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The problematic estimation of "imitation effects" in multilevel models


  • Øystein Kravdal

    (Universitetet i Oslo)


It seems plausible that a person’s demographic behaviour may be influenced by that among other people in the community, for example because of an inclination to imitate. When estimating multilevel models from clustered individual data, some investigators might perhaps feel tempted to try to capture this effect by simply including on the right-hand side the average of the dependent variable, constructed by aggregation within the clusters. However, such modelling must be avoided. According to simulation experiments based on real fertility data from India, the estimated effect of this obviously endogenous variable can be very different from the true effect. Also the other community effect estimates can be strongly biased. An "imitation effect" can only be estimated under very special assumptions that in practice will be hard to defend.

Suggested Citation

  • Øystein Kravdal, 2003. "The problematic estimation of "imitation effects" in multilevel models," Demographic Research, Max Planck Institute for Demographic Research, Rostock, Germany, vol. 9(2), pages 25-40, September.
  • Handle: RePEc:dem:demres:v:9:y:2003:i:2

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    References listed on IDEAS

    1. Charles F. Manski, 1993. "Identification of Endogenous Social Effects: The Reflection Problem," Review of Economic Studies, Oxford University Press, vol. 60(3), pages 531-542.
    2. Øystein Kravdal, 2002. "Education and fertility in sub-Saharan africa: Individual and community effects," Demography, Springer;Population Association of America (PAA), vol. 39(2), pages 233-250, May.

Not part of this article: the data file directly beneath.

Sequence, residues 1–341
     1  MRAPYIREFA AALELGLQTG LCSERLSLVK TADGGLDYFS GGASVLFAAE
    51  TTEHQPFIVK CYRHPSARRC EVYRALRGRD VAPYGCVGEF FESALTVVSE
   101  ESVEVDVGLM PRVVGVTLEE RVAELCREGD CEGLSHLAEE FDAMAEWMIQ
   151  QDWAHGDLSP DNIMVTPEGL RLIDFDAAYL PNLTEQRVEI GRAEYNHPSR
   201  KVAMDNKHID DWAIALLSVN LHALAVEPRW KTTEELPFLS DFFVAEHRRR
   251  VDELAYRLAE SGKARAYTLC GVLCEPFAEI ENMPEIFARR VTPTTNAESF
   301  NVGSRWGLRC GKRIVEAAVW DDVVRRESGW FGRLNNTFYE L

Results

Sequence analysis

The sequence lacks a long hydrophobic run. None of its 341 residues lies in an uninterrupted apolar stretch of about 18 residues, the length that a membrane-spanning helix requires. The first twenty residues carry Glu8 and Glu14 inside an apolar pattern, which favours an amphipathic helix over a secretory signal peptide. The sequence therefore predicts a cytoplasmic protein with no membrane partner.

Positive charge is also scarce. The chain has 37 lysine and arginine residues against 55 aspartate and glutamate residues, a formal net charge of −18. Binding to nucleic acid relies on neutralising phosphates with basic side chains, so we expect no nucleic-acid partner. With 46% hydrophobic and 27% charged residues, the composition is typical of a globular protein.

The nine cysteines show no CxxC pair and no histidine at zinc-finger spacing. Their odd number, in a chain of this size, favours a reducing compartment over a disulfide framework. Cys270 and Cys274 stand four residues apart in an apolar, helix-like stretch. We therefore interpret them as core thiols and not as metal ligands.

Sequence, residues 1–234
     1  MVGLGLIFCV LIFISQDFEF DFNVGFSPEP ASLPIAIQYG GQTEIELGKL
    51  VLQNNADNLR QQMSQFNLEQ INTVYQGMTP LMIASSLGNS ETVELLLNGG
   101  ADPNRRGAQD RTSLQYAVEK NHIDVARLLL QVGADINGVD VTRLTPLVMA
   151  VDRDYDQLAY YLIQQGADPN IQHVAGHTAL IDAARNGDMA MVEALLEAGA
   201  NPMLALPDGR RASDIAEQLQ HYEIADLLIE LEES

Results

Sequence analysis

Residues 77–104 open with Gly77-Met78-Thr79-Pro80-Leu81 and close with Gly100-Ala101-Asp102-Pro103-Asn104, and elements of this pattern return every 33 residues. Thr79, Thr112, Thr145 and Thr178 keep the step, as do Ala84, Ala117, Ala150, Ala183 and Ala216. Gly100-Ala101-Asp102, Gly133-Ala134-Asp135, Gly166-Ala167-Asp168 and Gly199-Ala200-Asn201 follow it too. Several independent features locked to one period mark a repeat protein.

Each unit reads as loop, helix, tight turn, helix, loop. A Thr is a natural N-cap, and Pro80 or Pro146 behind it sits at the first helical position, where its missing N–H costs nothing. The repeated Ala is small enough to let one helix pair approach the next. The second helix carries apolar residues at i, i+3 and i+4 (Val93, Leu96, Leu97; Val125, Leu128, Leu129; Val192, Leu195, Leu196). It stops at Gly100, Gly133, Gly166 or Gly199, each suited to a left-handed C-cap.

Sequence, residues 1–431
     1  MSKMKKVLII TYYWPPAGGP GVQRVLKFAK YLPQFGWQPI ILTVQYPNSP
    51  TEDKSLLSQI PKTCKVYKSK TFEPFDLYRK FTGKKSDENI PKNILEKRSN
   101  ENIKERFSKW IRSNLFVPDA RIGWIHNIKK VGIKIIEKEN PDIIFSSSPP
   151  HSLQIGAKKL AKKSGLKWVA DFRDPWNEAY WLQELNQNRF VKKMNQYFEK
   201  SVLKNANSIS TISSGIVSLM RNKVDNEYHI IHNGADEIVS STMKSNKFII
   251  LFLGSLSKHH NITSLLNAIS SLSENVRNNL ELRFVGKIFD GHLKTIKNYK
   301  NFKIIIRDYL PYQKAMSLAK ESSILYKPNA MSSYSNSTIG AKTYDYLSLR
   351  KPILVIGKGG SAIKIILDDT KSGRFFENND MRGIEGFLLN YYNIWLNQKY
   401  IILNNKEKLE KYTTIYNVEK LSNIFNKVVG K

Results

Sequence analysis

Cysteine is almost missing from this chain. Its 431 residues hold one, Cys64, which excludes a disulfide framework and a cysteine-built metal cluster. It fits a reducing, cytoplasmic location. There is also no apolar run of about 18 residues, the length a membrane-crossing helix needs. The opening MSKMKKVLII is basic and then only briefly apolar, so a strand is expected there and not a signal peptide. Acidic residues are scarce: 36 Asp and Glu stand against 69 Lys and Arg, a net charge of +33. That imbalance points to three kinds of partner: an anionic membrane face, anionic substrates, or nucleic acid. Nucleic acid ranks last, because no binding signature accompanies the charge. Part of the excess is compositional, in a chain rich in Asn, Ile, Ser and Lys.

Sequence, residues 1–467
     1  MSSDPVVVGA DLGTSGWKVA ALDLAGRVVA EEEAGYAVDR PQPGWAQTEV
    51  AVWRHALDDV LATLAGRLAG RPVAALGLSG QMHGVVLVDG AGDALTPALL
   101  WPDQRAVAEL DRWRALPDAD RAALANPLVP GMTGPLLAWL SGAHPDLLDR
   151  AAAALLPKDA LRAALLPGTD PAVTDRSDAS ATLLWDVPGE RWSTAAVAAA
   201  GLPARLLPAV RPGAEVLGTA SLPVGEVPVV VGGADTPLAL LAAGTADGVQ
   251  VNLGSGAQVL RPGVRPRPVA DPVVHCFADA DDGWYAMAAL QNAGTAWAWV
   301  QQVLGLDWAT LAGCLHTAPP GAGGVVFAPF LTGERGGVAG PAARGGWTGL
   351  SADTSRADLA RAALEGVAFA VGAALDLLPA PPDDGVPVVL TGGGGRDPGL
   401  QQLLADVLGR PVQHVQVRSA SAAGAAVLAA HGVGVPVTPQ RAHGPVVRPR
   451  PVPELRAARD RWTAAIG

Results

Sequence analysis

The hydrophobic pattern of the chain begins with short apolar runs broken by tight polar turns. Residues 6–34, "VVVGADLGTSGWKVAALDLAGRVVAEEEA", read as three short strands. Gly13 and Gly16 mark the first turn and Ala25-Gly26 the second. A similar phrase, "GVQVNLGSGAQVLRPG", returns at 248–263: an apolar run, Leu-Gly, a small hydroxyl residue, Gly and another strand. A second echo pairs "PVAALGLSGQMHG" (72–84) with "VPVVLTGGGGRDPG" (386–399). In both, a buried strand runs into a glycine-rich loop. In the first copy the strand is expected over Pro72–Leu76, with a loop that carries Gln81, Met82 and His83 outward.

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    Cited by:

    1. Ankita Mishra & Jaai Parasnis, 2014. "An Empirical Investigation of Peer effects on Fertility Preferences," Monash Economics Working Papers 34-14, Monash University, Department of Economics.
    2. repec:spr:soinre:v:134:y:2017:i:1:d:10.1007_s11205-016-1431-1 is not listed on IDEAS
    3. Øystein Kravdal & Ivy Kodzi, 2011. "Children's stunting in sub-Saharan Africa: Is there an externality effect of high fertility?," Demographic Research, Max Planck Institute for Demographic Research, Rostock, Germany, vol. 25(18), pages 565-594, September.
    4. Melinda Mills & Nicoletta Balbo, 2011. "The influence of the family network on the realisation of fertility intentions," Vienna Yearbook of Population Research, Vienna Institute of Demography (VID) of the Austrian Academy of Sciences in Vienna, vol. 9(1), pages 179-206.

    More about this item


    bias; endogenous; estimation; imitation effect; models; multilevel model; simulation; survey;

    JEL classification:

    • J1 - Labor and Demographic Economics - - Demographic Economics
    • Z0 - Other Special Topics - - General


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